People talk about second books being difficult, or indeed the second of any creative endeavour, as in the well-used phrase ‘difficult second album.’ The first book is meant to be the breakthrough one, the one you’ve wanted to write all your life. Writers usually have a number of unpublished manuscripts before the first published book. Nevertheless, the first published book is the big deal and then…then the second is the crashing through every floor in the building until you reach the lobby on your behind. That’s the stereotype, anyway.
My first book of poetry was published almost two years ago. I’ve got some distance now and can see what’s wrong about it and even a few things I still like. Can also see, with a trace of wistfulness, the type of poems I probably wouldn’t write anymore. It so happened that I was chatting to my publisher Jane Commane, at Nine Arches Press, and the subject of the second collection came up. We talked about what type of time scale I was working towards. The year 2016 was mentioned. It all felt very strange thinking about the ‘new’ book, like planning for a new child. The first book came out in July 2012, but the manuscript was more or less agreed on with editing still needing to be done around the January of that year. Therefore I’d wrapped up the contents of the book in my head at the beginning of 2012, but still had a little way to go. Around that time I wrote very little new stuff which was actually any good. The book took up a lot of time and my attention. I was experimenting though and that has its place, but there are many files on my computer which are poem graveyards, poems which escaped me, didn’t make any sense or I simply lost interest in them. They remind me a bit of the ‘Stillborn’ poem by Sylvia Plath:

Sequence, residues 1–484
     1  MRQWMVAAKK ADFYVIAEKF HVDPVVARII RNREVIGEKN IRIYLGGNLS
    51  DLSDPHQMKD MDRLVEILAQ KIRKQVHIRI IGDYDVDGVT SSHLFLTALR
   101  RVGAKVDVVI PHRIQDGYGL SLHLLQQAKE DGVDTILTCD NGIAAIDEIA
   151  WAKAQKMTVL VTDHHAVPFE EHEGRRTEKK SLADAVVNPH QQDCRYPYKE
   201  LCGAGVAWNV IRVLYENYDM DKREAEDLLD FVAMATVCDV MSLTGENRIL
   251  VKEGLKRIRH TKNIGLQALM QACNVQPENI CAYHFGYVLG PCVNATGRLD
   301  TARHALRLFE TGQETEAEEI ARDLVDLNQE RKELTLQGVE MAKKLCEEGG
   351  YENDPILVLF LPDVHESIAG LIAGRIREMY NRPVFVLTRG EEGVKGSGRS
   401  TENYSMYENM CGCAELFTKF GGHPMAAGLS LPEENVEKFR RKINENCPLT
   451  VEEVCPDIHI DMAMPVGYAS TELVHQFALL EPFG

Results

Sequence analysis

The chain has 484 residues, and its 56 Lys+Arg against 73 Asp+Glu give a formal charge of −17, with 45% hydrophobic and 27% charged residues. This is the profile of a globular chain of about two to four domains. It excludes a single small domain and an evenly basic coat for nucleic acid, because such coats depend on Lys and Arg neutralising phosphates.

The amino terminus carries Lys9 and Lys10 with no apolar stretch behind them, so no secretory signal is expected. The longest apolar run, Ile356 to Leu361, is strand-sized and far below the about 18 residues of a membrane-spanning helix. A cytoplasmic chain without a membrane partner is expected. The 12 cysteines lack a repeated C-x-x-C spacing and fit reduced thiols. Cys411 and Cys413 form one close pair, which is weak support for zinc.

These poems do not live: it’s a sad diagnosis.
They grew their toes and fingers well enough,
Their little foreheads bulged with concentration.
If they missed out on walking about like people
It wasn’t for any lack of mother-love.
They were loved, but they never came through. I came across these pieces when I was putting together lists of possible poems for a future collection. It’s very odd how you can spend ages writing, revising and editing and then strike through over a pamphlet’s (or maybe much more) worth of work. I pity the editors to whom I sent some of this poetry!
Even if I've had breaks from writing I've tried not to have breaks from reading poetry. I usually have a book on the go. Reviewing helps, blogging now and then - keeps the ink flowing!
The next issue for me is a sensitive one. Do I work towards a themed collection or do I go random? Random has often been my middle name over the last few years. A themed collection is not one that I would immediately aim for. I’ve tried pursuing this and it’s nose-dived. I read Carrie Etter saying that it wasn't until much further down the line she found the imperative to write a themed collection. I haven't got a theme, but there's a working title now and a sort of concept. This sounds like a 'concept album' moment, but it may well change.
One of the reviewers of the first book made an interesting point and that was why weren't the poems grouped? If I don’t go for themed I might continue writing and just put the pieces into groups. I am still writing about similar things, but as a poet friend says that doesn't matter, just ‘furrow deeper.’ But then, these groups!? They are so different! One group is poems about my own heritage and background, one is poems which have nothing in common apart from their own eccentricity, some are the big topics, love, loss and so on and some are just well, they are just. How do you tie all the threads together? This bothers me much more than it ever did with the first book.